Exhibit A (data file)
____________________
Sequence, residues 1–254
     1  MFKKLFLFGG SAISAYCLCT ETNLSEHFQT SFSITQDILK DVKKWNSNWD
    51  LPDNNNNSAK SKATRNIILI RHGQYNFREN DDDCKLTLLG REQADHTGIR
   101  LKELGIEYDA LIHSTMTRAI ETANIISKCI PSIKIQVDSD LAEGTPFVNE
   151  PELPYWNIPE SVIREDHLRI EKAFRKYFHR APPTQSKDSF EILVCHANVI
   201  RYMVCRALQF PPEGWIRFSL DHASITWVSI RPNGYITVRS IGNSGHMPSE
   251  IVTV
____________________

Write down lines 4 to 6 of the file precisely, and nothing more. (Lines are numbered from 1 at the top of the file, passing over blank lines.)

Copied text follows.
   101  LKELGIEYDA LIHSTMTRAI ETANIISKCI PSIKIQVDSD LAEGTPFVNE
   151  PELPYWNIPE SVIREDHLRI EKAFRKYFHR APPTQSKDSF EILVCHANVI
   201  RYMVCRALQF PPEGWIRFSL DHASITWVSI RPNGYITVRS IGNSGHMPSE